South Australian Aboriginal Birth Cohort
The South Australian Aboriginal Birth Cohort (SAABC, formerly known as the Baby Teeth Talk study) was established in 2011.
- To provide direct estimates of Aboriginal child dental disease in SA compared with general population estimates.
- To determine if an intervention aiming to reduce prevalence of early childhood caries was more effective in early versus late infancy.
- To examine if these differences were sustained over time, and to document social, behavioural, cognitive, anthropometric, dietary and educational attainment throughout childhood.
Funding was originally received in 2011 to establish the cohort (446 women pregnant with an Aboriginal child recruited during pregnancy) and to follow-up at child ages 2 and 3 years. Further funding was received to follow-up the children at age 5 years, with current funding received to follow-up the children at ages 8 and 10 years.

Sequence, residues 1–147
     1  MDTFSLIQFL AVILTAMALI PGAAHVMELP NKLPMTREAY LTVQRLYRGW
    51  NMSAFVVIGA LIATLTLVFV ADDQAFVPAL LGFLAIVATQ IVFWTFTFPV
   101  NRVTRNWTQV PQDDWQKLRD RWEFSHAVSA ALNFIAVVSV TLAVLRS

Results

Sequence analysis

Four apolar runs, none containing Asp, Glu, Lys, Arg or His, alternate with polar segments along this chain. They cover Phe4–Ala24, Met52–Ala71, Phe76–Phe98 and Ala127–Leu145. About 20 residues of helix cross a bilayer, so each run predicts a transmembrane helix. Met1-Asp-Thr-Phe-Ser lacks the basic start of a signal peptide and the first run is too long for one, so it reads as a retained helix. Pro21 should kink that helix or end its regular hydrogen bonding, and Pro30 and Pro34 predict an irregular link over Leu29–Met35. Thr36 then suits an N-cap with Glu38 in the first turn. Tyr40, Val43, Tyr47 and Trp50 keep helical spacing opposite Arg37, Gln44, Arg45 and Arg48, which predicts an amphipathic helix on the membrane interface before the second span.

This prospective birth cohort study was developed in partnership with local Aboriginal communities, led by a Senior Aboriginal Researcher (Joanne Hedges) and endorsed by the study’s Aboriginal Reference Group. At baseline, 53% of mothers were aged 14–24 years and 72% had high school or less educational attainment.
At age 3 years, dental disease experience was higher among children exposed to the intervention later rather than earlier in infancy. The effect was sustained at age 5 years, but rates were still higher than general child population estimates. Experiences of racism were high among mothers, with impacts on both tooth brushing and toothache. Compared with population estimates, levels of self-efficacy and self-rated oral health of mothers at baseline were low.